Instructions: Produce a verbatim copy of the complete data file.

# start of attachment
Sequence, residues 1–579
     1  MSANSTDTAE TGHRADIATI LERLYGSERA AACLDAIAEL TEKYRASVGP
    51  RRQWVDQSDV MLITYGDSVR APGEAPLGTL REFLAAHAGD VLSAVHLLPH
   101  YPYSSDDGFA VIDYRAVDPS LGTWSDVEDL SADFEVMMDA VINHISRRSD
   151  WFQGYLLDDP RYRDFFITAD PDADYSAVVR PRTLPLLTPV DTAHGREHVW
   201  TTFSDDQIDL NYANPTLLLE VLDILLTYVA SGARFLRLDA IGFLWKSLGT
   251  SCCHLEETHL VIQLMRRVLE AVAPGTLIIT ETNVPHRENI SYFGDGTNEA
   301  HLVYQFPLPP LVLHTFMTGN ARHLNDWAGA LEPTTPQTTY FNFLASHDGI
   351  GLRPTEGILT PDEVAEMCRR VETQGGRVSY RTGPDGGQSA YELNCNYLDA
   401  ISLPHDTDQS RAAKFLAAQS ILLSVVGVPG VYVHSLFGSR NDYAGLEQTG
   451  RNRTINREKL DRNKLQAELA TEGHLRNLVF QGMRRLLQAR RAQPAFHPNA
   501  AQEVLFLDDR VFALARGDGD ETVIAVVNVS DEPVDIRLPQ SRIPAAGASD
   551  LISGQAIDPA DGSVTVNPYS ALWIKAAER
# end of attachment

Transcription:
Sequence, residues 1–579
     1  MSANSTDTAE TGHRADIATI LERLYGSERA AACLDAIAEL TEKYRASVGP
    51  RRQWVDQSDV MLITYGDSVR APGEAPLGTL REFLAAHAGD VLSAVHLLPH
   101  YPYSSDDGFA VIDYRAVDPS LGTWSDVEDL SADFEVMMDA VINHISRRSD
   151  WFQGYLLDDP RYRDFFITAD PDADYSAVVR PRTLPLLTPV DTAHGREHVW
   201  TTFSDDQIDL NYANPTLLLE VLDILLTYVA SGARFLRLDA IGFLWKSLGT
   251  SCCHLEETHL VIQLMRRVLE AVAPGTLIIT ETNVPHRENI SYFGDGTNEA
   301  HLVYQFPLPP LVLHTFMTGN ARHLNDWAGA LEPTTPQTTY FNFLASHDGI
   351  GLRPTEGILT PDEVAEMCRR VETQGGRVSY RTGPDGGQSA YELNCNYLDA
   401  ISLPHDTDQS RAAKFLAAQS ILLSVVGVPG VYVHSLFGSR NDYAGLEQTG
   451  RNRTINREKL DRNKLQAELA TEGHLRNLVF QGMRRLLQAR RAQPAFHPNA
   501  AQEVLFLDDR VFALARGDGD ETVIAVVNVS DEPVDIRLPQ SRIPAAGASD
   551  LISGQAIDPA DGSVTVNPYS ALWIKAAER